New coach, same family feel for Hampshire

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While Hampshire has a different girls coach in former boys varsity assistant Mike Featherly and a key contributor for this year’s team will be 6-foot freshman Peyton DeChant. But not everything is new with the Whip-Purs.

In particular, they can count on the Dumoulin family for more basketball talent. Featherly, who replaces Ed Haugens after an 11-17 season, will start three Dumoulins: 5-9 senior guard-forward Becky, 5-9 junior guard Tricia and 5-7 sophomore guard Nikki.

“The Dumoulins always play hard whatever the situation,” Featherly said. “Each one of them is a lot different in terms of what they’ll do for us. Becky is a great defender inside and outside; Tricia the most athletic and good in the open court; and Nikki is a good playmaker who sets up teammates. It’s a good combination.”

Tricia Dumoulin averaged 4.5 points and Nikki averaged 4.0 in supporting roles last year. They’ll be joined by another key returning player in sophomore Emma Benoit, the 6-2 post player who will be a force inside with DeChant. Benoit was 10th in the area in rebounding with 325 last year.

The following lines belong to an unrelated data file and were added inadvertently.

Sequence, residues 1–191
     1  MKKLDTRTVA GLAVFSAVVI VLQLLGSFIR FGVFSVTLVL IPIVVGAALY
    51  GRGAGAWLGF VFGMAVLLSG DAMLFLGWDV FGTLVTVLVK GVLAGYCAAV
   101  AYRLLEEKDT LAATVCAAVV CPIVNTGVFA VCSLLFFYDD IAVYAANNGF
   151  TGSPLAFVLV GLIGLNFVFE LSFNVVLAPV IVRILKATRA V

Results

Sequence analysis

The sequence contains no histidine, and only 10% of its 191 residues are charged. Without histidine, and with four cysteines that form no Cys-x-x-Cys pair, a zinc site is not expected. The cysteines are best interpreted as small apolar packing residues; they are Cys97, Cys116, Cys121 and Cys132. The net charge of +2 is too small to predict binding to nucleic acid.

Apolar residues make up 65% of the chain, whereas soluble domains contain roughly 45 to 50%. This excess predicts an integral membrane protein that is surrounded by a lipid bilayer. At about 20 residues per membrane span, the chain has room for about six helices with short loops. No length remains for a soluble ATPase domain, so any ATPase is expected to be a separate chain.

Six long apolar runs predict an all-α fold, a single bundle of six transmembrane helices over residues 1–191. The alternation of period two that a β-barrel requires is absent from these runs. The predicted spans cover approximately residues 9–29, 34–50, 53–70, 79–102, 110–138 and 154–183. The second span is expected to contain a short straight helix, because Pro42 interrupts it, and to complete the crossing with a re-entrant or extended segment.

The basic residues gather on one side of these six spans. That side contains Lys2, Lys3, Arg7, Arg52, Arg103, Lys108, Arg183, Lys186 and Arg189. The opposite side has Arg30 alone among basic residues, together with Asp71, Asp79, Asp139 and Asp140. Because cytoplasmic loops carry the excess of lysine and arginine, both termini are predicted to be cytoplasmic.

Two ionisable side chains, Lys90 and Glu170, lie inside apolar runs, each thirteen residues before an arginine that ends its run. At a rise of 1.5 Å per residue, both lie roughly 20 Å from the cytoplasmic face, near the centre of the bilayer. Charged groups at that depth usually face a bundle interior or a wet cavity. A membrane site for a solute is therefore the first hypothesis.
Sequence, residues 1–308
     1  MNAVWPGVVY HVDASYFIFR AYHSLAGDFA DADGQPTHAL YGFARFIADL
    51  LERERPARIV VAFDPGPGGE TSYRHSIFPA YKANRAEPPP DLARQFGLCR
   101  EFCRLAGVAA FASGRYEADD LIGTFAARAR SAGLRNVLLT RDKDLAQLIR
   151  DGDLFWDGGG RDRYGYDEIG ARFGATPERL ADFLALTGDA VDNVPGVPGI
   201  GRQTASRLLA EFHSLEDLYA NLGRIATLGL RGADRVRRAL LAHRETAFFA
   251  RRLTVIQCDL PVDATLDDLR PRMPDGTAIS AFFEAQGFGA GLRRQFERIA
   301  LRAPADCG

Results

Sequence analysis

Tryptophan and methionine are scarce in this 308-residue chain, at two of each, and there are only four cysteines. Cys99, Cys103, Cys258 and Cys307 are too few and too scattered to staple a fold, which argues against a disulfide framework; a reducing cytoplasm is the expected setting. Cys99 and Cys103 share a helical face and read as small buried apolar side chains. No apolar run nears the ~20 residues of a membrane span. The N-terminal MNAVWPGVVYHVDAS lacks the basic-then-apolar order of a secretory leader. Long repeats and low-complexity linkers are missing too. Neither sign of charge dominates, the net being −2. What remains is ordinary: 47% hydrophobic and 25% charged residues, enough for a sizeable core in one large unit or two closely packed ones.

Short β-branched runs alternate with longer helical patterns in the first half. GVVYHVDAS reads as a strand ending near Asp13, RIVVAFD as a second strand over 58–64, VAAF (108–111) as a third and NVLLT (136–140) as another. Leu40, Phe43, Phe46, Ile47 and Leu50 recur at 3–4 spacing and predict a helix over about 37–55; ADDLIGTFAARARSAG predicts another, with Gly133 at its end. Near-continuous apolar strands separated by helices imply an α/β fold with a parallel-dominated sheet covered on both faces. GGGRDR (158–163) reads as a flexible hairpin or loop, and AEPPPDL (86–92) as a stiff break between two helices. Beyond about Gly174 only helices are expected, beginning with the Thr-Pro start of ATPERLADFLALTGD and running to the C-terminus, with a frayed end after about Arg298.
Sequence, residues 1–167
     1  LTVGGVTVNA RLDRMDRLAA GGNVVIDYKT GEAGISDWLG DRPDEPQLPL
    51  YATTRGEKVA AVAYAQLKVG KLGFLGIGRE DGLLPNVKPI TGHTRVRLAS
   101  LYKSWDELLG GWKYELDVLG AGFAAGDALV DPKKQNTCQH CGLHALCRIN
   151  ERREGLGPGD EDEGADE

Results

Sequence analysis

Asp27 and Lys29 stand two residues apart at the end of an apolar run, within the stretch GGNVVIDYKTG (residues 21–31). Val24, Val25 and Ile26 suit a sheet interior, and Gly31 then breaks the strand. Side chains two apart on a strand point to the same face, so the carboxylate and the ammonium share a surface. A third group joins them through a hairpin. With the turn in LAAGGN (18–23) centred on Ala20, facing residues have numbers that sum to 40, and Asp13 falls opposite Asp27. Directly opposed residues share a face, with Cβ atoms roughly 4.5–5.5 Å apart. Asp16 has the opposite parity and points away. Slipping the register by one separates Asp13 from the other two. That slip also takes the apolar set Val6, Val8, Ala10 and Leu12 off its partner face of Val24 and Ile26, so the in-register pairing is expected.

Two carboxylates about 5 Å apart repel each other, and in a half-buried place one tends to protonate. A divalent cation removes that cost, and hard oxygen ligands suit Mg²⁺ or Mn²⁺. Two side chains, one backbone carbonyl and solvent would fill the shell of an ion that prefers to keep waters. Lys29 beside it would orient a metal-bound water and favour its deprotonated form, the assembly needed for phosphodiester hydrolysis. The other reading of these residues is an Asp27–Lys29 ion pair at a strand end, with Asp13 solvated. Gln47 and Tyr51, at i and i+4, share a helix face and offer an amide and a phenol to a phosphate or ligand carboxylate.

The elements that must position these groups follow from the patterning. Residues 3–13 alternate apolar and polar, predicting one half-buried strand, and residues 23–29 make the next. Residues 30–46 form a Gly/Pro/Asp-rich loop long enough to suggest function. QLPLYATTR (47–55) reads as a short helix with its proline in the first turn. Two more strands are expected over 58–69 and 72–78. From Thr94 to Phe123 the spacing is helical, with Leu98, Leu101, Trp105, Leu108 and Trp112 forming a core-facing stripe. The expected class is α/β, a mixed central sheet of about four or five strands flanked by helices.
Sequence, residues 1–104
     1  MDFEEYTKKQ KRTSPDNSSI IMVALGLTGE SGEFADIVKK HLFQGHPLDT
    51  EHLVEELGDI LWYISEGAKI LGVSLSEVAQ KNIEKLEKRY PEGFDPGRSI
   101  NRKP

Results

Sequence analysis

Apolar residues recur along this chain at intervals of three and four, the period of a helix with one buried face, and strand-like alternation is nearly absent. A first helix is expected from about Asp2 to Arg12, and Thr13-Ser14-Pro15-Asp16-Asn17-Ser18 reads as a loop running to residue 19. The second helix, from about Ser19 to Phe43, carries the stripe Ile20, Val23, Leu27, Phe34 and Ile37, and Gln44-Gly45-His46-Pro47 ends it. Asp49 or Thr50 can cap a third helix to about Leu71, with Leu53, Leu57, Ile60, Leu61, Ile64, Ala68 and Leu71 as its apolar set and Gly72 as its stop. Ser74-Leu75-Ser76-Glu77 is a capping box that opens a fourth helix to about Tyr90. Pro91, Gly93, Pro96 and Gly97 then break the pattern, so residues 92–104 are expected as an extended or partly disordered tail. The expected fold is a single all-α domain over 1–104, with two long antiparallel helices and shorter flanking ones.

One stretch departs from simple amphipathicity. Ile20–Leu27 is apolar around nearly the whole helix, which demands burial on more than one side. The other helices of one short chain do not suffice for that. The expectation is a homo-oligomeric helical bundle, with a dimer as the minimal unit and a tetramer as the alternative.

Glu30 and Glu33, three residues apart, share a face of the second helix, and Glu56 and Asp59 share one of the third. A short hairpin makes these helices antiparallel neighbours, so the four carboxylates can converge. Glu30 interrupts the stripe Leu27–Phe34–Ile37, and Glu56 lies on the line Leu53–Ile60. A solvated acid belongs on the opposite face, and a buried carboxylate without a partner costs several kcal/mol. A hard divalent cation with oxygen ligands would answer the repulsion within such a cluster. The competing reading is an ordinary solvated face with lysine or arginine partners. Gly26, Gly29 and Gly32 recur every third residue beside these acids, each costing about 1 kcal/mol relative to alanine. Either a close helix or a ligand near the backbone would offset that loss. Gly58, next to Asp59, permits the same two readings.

“She’s really starting to come on and sees what she’s capable of,” Featherly said of Benoit. “Peyton, I think we’ll ask her to do a little more than (we) like for some freshmen. It seems like there’s nothing she can’t handle and she’s one of the smartest players out there.”

Featherly didn’t see a lot of 5-5 senior guard Sara Finn during summer ball because she is a star softball player, but was pleasantly surprised when she joined the team.

“She’s very athletic — if she makes a mistake she’s athletic enough to correct it,” he said.

Junior 5-7 guard Claudia Lazar is a key defender off the bench and 5-8 senior forward Hannah Detiveaux is another reserve who will provide interior support. Two other juniors — 5-8 guard Priscyla Alva and 5-9 forward Kylie Incapero —add to the depth.

Featherly will ask players to play a bit different style than in the past.

“We’re going to be very guard-orientated, play more man-to-man and push the ball a little more than in the past, maybe, but in the end it’s basketball and nothing they can’t handle,” Featherly said. “One of the things that will be tough to tell is who our scoring leaders are. We could have a bunch of different scorers. On a given night anyone could shoot lights out and give us 20.”

Hampshire opens Tuesday at Cary-Grove, then plays for the first time at the Elgin Academy tournament.

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